One day I was driving on my way to pick up my children from school. It was a slightly overcast day in the late Fall – rare for typically sunny and dry weather in Southern California – and I was in an unusually free-minded place, not pre-occupied with my many mental musings about clients, family, what’s-for-dinner, and the latest news segment on the radio.
I was taking in the world around me as I drove….noticing many vibrantly green lawns, edged to perfection, and flanked with seasonally appropriate flowers and freshly pruned fruit trees waiting for Spring’s bounty of leaves and vibrant colors. Each driveway and street space was either bare (occupants were assumed to be either at work or on vacation – I envisioned the latter) or providing sanctuary for what seemed to be all of Southern California’s rations of Acuras, Mercedes, Escalades, and the like, with the occasional Prius or Volt added for a splash of variety. Each seemed newly washed, with shiny paint (in the latest shades of silver, gray, blue, white and red) and all seemed to be in mint condition. It appeared either a skilled body-shop was nearby or there was an unusually high preponderance of careful drivers who never scratched a door or hit a fender on a guard rail living side-by-side. I mused on this for a while, noting conflicting thoughts about this more traditionally “ideal” neighborhood scenery (it looked to me like the picture perfect neighborhood street in Steve Martin’s 1991 version of Father Of The Bride) that simultaneously garnered appreciation of the efforts put forth to make it look that way, and yet I was also uneasy – aware that seemed perfection rarely is what it seems – noting the many costs to relationship, self-worth, and life-ease the quest for perfection attaches to those who seek it.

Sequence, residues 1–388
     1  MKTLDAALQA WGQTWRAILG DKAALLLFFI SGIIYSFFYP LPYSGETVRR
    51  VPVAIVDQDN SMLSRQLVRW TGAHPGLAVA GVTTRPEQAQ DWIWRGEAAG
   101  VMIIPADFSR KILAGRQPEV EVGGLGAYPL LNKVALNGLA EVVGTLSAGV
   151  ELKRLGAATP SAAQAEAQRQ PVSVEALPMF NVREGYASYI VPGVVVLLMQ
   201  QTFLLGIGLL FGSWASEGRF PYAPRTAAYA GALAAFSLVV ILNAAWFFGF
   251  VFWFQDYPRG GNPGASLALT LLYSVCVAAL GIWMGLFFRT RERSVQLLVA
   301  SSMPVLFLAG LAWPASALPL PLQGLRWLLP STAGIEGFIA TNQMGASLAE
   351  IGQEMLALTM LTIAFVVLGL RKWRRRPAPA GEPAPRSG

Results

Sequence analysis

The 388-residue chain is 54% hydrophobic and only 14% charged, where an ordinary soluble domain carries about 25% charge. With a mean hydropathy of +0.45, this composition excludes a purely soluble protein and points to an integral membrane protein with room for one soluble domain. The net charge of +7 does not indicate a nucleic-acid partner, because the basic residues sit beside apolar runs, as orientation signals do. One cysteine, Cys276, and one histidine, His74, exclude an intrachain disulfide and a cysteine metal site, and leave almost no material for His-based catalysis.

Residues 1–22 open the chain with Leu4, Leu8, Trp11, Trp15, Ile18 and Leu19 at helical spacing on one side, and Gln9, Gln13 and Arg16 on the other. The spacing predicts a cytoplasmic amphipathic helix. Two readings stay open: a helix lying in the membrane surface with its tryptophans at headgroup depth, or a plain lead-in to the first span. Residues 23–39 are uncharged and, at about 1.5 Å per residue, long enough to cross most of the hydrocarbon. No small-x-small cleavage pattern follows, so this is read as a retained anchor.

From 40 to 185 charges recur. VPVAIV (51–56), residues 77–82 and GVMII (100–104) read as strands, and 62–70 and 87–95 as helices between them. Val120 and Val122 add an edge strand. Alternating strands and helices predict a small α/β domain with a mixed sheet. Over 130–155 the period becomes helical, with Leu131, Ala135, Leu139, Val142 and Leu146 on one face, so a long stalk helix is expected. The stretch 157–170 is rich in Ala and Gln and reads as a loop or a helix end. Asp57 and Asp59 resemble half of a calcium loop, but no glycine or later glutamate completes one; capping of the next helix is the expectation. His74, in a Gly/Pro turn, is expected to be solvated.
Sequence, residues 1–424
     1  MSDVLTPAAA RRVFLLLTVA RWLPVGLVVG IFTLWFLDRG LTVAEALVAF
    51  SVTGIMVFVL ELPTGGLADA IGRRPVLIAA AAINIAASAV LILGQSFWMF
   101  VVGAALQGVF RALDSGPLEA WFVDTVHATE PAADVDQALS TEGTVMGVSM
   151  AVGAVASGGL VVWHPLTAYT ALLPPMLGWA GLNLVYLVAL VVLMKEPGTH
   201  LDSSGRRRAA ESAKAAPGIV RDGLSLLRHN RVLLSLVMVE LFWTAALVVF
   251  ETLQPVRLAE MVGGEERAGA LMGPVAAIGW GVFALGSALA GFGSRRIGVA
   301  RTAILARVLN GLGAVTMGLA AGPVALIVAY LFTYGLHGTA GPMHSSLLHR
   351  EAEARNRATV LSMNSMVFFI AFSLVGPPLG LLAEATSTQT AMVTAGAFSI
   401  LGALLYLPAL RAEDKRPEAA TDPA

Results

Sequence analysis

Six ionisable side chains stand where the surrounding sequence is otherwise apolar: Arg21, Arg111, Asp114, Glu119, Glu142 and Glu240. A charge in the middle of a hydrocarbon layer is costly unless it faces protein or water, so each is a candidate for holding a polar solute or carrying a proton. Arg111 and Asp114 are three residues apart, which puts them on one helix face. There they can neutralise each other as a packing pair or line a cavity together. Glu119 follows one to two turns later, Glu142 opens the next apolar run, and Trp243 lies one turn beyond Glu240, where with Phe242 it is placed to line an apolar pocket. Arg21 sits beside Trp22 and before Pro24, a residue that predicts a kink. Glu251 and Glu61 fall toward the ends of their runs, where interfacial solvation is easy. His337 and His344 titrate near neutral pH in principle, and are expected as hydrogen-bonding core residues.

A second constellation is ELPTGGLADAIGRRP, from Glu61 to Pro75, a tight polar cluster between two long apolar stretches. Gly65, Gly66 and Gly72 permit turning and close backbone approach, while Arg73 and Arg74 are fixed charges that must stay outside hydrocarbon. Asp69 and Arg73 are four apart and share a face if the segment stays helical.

I continued my drive, lost in these thoughts, until something caught my eye at the bottom of the street, near the corner where I would turn. I found my gaze staying there, curious, and far-too-slowly processing the vision before my eyes. To my right, nestled in-between two other seemingly show-room caliber vehicles, was a rusted and chipped, grayish-toned – part paint/part primer-ed jalopy, with a dangling bumper and several dents, showing years of engaging with the elements and with life.
On the side near the back bumper – or maybe it was along the trunk – my memory is a bit hazy now as to the specific location, but this I will never forget as it is the reason for this post…Someone had spray- painted the car with large, dripping, uneven, capital letters:
IT GETS ME HOME.
Time held still for moment, and I found myself smiling with a quickly piercing sense of deep respect, appreciation, and awe at this much used – and seemingly well-loved – pile of metal, duct-tape and rubber. I even found a light chuckle rise from the location of my heart and wander audibly from the back of my throat as I had my own thought process checked with the clarity of perspective brought by this particular vehicle parked on that particular road on that particular day.
I loved the willingness of the owner to be bold in the truth of “What Matters” – and how they seemed to own the contrast between theirs and the other vehicles surrounding their unpolished heap of metal on wheels. Something about that contrast made that vehicle feel more important to me than any other on that street that day.
I have thought of this many times over recent months, and often wonder where that car now parks it’s weary frame. (I have not seen it since that one fall afternoon – even though I look.) I find myself hoping that the owner still gets safely home – that the car still makes its journey through the fast paced metropolitan and suburban streets, proudly showing its history and age. And each time the memory crosses, I find myself a little better grounded in what truly matters and a little more open to enjoy what authentically IS.
Wishing you moments that catch you by surprise and inspire your own version of awe.